Should I convert my 403(b) account to a traditional IRA?
I am 64 years old and just retired. I have a 403(b) from my education career. My advisor is suggesting that I convert the 403(b) to a traditional IRA account with an annuity company. I understand that I would have to always ask my third party if I wanted to withdraw from my 403(b). With the IRA it is more controlled by me. Is this good advice? There are no fees associated with the IRA.
Congratulations on your Retirement and thank you for serving through Education.
While there is good reason to move your 403(b) to an IRA, I would use caution in moving ALL of it to an annuity company. There are several types of Annuities and several more annuity companies. All come with different bells and whistles. I am in favor of moving your money away from the 403(b). I am not yet sold on the idea of moving it to an annuity company.
Lets dig deeper.
Most annuities are like a Swiss Army knife, they do many different things. Unfortunately, many don't do anything one thing very well. Moreover, Insurance "Fat Cats" make a big commission and often push the product that best benefits their pockets with little to no regards to your solution. Lets focus on your solution...
Define Your monies "Clarity of Purpose"
Ask your self, what is the money for?
In choosing what to do with your money I suggest defining a clarity of purpose of your money. Most people who ask "should I convert my 403b account to a traditional IRA" are often looking for clarity on income planning or solving for the income gap.
Ask your self, "what am I solving for?" It is likely one of the three.
- Solving for the Income Gap
- Solving for Growth
- Solving for Legacy
If you are solving for the income gap, you can use the best annuities or fixed income solutions out there that give you the most income with the lowest amount of money to guarantee your income need. You may find that the best income annuities may have no fees, or reasonable fees that make the benefit worth while. Some annuities pay no commission and are a Flat Fee of $250 annually regardless of your balance.
How To Best Solve for the Income Gap
Define your Annual Income Goal (AIG):
Subtract your Guaranteed Annual Income (GAI)
(i.e. Social Security, Government Pension, other income):
The formula looks like this: AIG - GAI = Retirement Income Gap
for example, you need $100,000 in retirement and your Guaranteed Annual income is $75,000...
$100,000 - $75,000 = a Gap of $25,000
You are solving for an income solution of $25,000 and are best to do this with the least amount of your retirement money.
With love and regards,
Jose Sanchez, CFP®
I was going to go easy on what I assume is an annuity salesman- but if he told you there are no fees associated with the IRA- RUN and RUN FAST. They are either lying, uniformed, or you can in some type of fixed annuity- that technically doesn't have a fee, but will pay you a low amount of interest on your money.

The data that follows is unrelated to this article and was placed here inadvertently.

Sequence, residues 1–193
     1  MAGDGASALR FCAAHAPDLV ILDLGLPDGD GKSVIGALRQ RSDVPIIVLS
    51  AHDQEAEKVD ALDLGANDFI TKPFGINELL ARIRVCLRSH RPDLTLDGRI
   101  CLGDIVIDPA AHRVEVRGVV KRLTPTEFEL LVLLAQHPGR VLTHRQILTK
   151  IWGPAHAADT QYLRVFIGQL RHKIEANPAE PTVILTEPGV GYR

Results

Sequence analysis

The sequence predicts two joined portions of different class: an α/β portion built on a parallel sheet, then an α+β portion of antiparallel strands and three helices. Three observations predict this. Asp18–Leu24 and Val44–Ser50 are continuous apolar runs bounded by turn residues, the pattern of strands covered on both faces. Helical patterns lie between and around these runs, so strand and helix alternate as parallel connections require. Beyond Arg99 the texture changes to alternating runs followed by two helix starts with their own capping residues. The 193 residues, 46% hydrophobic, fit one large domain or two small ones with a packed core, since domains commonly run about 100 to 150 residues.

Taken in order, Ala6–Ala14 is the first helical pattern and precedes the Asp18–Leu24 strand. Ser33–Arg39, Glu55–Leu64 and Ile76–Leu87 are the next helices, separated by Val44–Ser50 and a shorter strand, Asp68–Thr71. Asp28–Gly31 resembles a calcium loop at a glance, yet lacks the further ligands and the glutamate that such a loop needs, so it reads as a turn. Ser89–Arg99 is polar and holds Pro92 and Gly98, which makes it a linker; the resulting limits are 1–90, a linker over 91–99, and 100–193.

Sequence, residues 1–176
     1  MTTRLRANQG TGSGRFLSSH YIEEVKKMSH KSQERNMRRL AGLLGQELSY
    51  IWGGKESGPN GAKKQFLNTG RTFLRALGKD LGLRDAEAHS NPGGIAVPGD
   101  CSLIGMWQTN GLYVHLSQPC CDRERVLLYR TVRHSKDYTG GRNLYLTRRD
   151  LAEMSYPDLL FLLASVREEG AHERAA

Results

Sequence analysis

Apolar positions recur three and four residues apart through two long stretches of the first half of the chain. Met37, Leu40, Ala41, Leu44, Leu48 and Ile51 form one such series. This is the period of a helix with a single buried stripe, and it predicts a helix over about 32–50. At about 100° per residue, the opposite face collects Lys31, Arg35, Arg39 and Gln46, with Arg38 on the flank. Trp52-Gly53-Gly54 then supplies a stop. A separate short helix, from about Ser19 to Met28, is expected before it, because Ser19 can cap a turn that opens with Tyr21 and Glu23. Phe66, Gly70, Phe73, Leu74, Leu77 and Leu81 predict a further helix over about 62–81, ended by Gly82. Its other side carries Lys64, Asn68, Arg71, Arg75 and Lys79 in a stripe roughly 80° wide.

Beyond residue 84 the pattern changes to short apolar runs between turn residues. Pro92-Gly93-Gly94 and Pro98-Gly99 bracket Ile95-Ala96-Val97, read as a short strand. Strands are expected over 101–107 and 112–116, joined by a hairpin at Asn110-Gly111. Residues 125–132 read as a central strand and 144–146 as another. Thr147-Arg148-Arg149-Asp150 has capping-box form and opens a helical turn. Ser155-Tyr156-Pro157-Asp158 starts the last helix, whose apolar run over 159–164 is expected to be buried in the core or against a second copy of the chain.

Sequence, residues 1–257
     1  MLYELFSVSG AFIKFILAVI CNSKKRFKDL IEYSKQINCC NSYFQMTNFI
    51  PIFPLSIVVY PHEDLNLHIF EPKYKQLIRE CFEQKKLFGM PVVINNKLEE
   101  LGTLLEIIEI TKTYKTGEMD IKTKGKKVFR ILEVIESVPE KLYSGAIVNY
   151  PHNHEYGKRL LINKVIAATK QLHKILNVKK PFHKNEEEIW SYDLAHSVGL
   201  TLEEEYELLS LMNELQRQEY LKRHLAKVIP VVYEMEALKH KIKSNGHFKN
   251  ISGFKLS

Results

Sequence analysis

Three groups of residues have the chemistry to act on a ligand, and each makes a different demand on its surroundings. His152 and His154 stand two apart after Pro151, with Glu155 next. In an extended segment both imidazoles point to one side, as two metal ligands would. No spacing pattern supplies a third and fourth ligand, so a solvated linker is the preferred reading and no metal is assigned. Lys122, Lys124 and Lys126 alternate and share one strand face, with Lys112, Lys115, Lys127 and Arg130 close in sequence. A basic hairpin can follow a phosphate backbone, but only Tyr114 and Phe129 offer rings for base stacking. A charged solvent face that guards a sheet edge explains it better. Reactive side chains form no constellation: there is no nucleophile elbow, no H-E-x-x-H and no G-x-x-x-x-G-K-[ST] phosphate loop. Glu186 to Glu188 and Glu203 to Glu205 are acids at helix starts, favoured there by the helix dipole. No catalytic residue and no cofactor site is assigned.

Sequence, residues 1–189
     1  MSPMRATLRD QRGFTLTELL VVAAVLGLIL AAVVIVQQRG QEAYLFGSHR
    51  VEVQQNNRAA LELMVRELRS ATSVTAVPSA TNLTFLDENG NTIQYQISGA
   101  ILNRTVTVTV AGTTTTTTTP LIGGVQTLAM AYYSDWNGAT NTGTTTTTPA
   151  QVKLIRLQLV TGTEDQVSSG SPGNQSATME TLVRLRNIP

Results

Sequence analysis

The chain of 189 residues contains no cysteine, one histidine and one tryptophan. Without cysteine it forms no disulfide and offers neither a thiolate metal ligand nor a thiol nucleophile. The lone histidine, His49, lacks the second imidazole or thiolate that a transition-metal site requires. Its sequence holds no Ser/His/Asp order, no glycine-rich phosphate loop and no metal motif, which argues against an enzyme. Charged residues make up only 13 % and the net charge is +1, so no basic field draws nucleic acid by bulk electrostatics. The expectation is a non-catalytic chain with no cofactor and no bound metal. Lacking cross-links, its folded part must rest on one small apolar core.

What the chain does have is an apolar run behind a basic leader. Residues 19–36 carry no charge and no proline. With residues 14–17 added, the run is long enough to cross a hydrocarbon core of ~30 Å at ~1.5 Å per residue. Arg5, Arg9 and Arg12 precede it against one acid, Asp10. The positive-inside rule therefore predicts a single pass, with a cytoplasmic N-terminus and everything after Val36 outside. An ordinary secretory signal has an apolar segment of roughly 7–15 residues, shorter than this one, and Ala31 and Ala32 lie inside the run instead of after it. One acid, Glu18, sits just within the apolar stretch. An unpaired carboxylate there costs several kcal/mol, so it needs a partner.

Look for a fee only certified financial planner to help you make the best decision with your retirement funds. It doesn't really matter to me (or to you for that matter) whether the money is in a 403b or and IRA. Taxation of withdrawals will be the same. What matters is what you are using to fund the account- some annuity with hidden fees/cost? Mutual Funds? ETFS?
At the very least ask your "adviser" - if they are working in a fiduciary and how they get paid. If they aren't acting as a fiduciary- move on. You deserve better. If they don't say how they get paid- move on, they are likely being dishonest with you.
First off, congratulations on your retirement!
While there are some unknown moving parts here, I can speak to the pros and cons of rolling over a 403(b) to an IRA in general terms.
Yes, you will likely have more control (of your money) and options (surrounding your investments) by moving these funds to an IRA. This will largestly depending on the custodian/provider of the IRA. If you go with a notoriously low-cost provider (think Vanguard or Fidelity), you will also have access to funds that could have much lower management fees. All of this combined can be a boon to the long term growth prospects for your portfolio.
Keep in mind that by moving these funds to an IRA, the advisor you are working with also has more control of your funds and could potentially place you into expensive products. Annuities have many benefits but they usually do come with higher fees (and commissions for the advisor). Make sure you understand (thoroughly) how the annuity operates and if it is indeed proper for your situation.
Best of luck! I hope you enjoy this newfound time away from the workforce.
First things first: HELL NO! Do NOT buy an annuity. Unless you are mad at your money and in love with your advisor (who stands to make a lot of money on commission) you should stay away from annuities.
Second: yes, you should move your 403(b) to a rollover IRA, but only after you have fired the advisor who is recommending an annuity! Find a fiduciary to work with, someone who is looking out for your best interests. And not a "salesperson" who is working for a commission.
Someone trying to get you to move money from a 403(b) to an IRA annuity is very likely motivated by the commission he will earn, not what's best for you. An IRA annuity will almost always be much more expensive than your 403(b) and have restrictions on when you can access the money and sometimes annual limits. Look very carefully at the product being proposed and get really specific answers to your questions about fees. If you don't feel comfortable or that you understand the product fully, or if it sounds too good to be true, walk away.
You do not have to make a decision on what to do with your 403(b) right when you retire. There is plenty of time to do your research and not feel pressured or rushed.